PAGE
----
So I went out, looking in the literature to see what does the literature say about this? Does it, does it talk about what happens to people when they’re controlling versus when they take charge? And I found something interesting. I found the cure for this and the cure is self control so and there’ll be, there’ll be two studies. That’ll be in the, in the show notes on this. One of them is entitled. Yes, but are they happy effects of trait self-control effective well being and life satisfaction? The notion here is that it isn’t about controlling others or controlling circumstances. The fact is there’s the, the only thing you can actually for certain control is you self-control, it’s, it’s a novel notion. Now I realize that some people literally I have you know, mental illness where they can’t control themselves, that doesn’t describe 99.99% of us.

Kenneth Vogt (24:35):
And I don’t care if you’ve been diagnosed with EDD or HD ADHD or, or depression, or some other things that, that impact you. I’m not taking away from that. And I’m not saying that, that you don’t, that you can’t be touched by those things. But the fact is, is that you can remain fully functional in the world. If you shift your attention to this notion of being self controlled, and self control, sometimes we think of it as just holding ourselves back. It’s like, it’s, it’s when you don’t blow up at somebody when, when they make a mistake or, it’s when you don’t, when you don’t resort to physical violence in a situation where you’re at risk, you know, yes, that is, that is self-control at its most, most basic level, but here, I’m talking about the self control of what, how you think and what you think about, what do you dwell on?

Kenneth Vogt (25:36):
Do you spend all your attention? All this was wrong, this was wrong. This was wrong. This was wrong. Oh, if I had only taken all, all of this control earlier, I would’ve, I could’ve kept that from going wrong. I’m like, yeah, but was it control of what you did or was it control of others? Was it control of the physical universe and you know, the, the physical reality or was it of you, you know, cause there, there are things that we do that you’ll do in the lab where you can’t have complete control over what’s happening in your experiment. You have as much control as is, is available to you. So the question can only be, did I take, did I take charge of the part where it was up to me? Because, you know, as Nick said, you know, penicillin came out of an experiment that wasn’t done poorly.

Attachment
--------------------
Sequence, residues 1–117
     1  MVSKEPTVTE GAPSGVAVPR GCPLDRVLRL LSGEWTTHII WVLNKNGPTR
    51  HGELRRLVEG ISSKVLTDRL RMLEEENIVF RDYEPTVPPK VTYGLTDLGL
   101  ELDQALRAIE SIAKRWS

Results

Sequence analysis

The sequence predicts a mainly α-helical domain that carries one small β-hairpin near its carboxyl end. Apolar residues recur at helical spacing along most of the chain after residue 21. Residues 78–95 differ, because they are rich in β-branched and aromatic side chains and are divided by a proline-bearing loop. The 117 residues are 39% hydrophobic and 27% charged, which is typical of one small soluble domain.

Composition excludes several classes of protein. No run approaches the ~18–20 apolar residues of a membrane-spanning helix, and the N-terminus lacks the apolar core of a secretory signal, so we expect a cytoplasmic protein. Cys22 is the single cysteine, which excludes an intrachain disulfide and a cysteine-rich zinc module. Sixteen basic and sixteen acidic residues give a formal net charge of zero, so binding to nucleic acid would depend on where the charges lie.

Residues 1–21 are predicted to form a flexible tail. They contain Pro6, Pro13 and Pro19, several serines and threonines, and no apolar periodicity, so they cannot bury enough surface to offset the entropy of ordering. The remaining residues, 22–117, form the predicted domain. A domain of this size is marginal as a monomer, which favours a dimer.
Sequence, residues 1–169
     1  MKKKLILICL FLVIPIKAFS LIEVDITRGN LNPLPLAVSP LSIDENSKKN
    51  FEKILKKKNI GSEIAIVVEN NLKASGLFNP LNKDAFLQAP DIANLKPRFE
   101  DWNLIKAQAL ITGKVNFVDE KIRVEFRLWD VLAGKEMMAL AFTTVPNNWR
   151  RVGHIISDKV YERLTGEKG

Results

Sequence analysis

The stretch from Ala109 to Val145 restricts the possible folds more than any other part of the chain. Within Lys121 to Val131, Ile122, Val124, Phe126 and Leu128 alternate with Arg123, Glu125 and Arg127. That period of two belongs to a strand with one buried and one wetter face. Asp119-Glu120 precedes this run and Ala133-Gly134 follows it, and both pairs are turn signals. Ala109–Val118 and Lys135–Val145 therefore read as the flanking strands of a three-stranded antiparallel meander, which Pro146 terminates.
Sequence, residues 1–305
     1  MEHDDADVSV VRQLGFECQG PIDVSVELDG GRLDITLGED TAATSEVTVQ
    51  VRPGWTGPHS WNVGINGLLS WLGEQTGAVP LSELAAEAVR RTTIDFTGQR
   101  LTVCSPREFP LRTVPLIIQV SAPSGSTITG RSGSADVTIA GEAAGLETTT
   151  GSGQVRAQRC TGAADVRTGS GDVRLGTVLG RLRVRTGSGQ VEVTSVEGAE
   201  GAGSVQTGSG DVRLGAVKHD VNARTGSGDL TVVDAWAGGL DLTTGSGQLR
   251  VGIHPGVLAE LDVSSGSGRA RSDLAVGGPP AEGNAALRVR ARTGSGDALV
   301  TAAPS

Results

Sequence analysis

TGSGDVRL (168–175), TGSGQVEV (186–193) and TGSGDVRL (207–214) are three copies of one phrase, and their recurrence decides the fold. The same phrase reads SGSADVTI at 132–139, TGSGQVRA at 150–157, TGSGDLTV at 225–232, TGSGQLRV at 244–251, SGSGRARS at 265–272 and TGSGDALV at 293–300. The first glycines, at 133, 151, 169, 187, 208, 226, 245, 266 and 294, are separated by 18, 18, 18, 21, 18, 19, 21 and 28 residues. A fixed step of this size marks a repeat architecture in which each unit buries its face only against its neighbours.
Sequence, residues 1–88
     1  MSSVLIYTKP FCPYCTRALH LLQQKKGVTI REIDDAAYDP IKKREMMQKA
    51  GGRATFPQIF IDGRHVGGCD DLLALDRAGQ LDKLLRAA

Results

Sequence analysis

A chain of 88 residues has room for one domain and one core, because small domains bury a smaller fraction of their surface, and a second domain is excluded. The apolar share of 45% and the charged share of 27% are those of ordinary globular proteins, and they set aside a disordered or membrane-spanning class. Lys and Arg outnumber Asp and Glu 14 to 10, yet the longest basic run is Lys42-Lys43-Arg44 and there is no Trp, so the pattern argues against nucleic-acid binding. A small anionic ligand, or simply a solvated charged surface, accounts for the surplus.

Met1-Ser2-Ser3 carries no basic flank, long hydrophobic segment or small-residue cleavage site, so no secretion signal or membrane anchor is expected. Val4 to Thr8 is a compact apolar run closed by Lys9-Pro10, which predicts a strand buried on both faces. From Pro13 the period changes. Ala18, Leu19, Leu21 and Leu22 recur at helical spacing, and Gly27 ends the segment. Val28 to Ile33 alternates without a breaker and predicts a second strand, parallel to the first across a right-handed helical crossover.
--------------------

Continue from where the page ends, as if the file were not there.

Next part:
Kenneth Vogt (26:26):
It just didn’t get the result. He expected. He wasn’t being sloppy. You know that well that he knew of, we look back now and probably say, yeah, he was being sloppy. But but you know, again, it was all he could do is what he was aware of. So the, the same is true for you in, in any setting and think of all the benefits you get out of this. So if you can just be here and now not be thinking about the past or worrying about the future, not being someplace else, thinking about something, you can be just here and now that’s the part you can control. You work on that, work on what’s right here in front of you right now.

Kenneth Vogt (27:15):
And automatically some things are going to happen. You’re going to stop trying to control other people. And what’s going to happen then is people will stop resenting you because you’re trying to dominate them. You’ll, you’ll be free to that. You won’t have to do anything different with people. It’ll be the things you stopped doing with people. And it’s funny how they’ll pick up on that. And people we’ve all had this situation where there was somebody that was really bugging us. And then one day we kind of realized like, you know what? I’m not like that anymore. I wonder what changed her? Like, you know, I don’t know why, but I just, I like Sally better than I used to. And it, that kind of stuff is just going to keep feeding out there.